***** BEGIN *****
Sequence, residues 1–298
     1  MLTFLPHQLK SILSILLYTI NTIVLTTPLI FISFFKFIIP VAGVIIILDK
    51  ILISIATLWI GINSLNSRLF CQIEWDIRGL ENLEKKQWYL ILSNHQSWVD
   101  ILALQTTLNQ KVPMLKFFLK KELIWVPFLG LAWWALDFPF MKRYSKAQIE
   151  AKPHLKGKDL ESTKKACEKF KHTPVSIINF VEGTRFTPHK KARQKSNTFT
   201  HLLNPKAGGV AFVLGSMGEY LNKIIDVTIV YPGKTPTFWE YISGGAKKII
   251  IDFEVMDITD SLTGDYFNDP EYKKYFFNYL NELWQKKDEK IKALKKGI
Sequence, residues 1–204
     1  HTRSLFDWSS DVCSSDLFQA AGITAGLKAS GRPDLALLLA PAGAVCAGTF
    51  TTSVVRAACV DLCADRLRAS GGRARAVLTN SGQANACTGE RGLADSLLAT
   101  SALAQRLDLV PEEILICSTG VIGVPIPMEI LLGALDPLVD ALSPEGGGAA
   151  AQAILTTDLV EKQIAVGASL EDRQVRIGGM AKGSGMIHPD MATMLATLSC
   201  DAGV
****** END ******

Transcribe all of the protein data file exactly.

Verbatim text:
Sequence, residues 1–298
     1  MLTFLPHQLK SILSILLYTI NTIVLTTPLI FISFFKFIIP VAGVIIILDK
    51  ILISIATLWI GINSLNSRLF CQIEWDIRGL ENLEKKQWYL ILSNHQSWVD
   101  ILALQTTLNQ KVPMLKFFLK KELIWVPFLG LAWWALDFPF MKRYSKAQIE
   151  AKPHLKGKDL ESTKKACEKF KHTPVSIINF VEGTRFTPHK KARQKSNTFT
   201  HLLNPKAGGV AFVLGSMGEY LNKIIDVTIV YPGKTPTFWE YISGGAKKII
   251  IDFEVMDITD SLTGDYFNDP EYKKYFFNYL NELWQKKDEK IKALKKGI
Sequence, residues 1–204
     1  HTRSLFDWSS DVCSSDLFQA AGITAGLKAS GRPDLALLLA PAGAVCAGTF
    51  TTSVVRAACV DLCADRLRAS GGRARAVLTN SGQANACTGE RGLADSLLAT
   101  SALAQRLDLV PEEILICSTG VIGVPIPMEI LLGALDPLVD ALSPEGGGAA
   151  AQAILTTDLV EKQIAVGASL EDRQVRIGGM AKGSGMIHPD MATMLATLSC
   201  DAGV